Continuous heating vs. impulse sealing

The impulse sealing process is a good alternative to the classic, continuously heated sealing tools in widespread use which provides very efficient solutions and multiple benefits in complex heat sealing applications.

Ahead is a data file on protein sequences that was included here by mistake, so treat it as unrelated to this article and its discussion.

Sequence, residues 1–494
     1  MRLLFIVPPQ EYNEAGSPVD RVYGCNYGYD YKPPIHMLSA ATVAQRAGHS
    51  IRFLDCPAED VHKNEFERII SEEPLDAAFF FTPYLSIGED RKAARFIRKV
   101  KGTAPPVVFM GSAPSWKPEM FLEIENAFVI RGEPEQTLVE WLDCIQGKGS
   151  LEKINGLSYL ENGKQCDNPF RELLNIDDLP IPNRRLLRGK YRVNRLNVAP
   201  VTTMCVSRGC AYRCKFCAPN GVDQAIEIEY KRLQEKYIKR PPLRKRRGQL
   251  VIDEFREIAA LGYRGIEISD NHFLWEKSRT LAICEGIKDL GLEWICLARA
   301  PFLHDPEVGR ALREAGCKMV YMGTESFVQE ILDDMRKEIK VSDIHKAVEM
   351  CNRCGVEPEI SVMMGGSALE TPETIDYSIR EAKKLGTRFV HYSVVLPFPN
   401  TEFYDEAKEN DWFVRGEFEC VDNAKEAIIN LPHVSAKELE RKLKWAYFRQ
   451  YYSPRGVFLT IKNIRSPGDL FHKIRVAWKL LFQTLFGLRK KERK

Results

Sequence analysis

Continuously heated sealing tools are used in the majority of situations where plastic films have to be thermally bonded. This technology involves heating metal sealing jaws electrically and then maintaining them permanently at a settable temperature. This is generally the easiest way to bond plastic films together. Unfortunately, however, this technology may be simple but it also has drawbacks for the quality of the sealed seam or the productivity of the machine which are very difficult to compensate. In particular, the fact that the fused film cannot be cooled down directly in the closed tool, so that a strong and durable seal is obtained as soon as the two halves are opened, is a major disadvantage. When processing films where high elastic forces result following the sealing process (thick films or aluminum composites) owing to the pouch or bag geometry or the packaged goods, additional cooling stations or processes may have to be incorporated in the machine to enable the seam to be actively cooled after the sealing tool is opened. That means more challenges for the packaging machine manufacturer’s design engineers as well as higher running costs, for instance for the compressed air that is necessary to cool the seam. The heat which is emitted by the continuously heated tools can likewise be detrimental both to the product to be packed and to the film itself. Once again, appropriate design measures must be integrated in the packaging machine to compensate for this undesirable influence of the hot sealing tools on the packaged goods. Problems such as inadmissible heat stress or hot seams that are liable to come open can be avoided with the impulse sealing process. The heat of fusion for the film is only actually produced when, and for as long as, it is actually needed for the sealing process. The current which is passed through a resistor for this purpose causes a temperature rise there. As soon as the current flow is interrupted, the resistor starts to cool down as the generated heat is dissipated into the tool or the environment. The heat of fusion which was introduced into the film is thus removed again and the seam is cooled.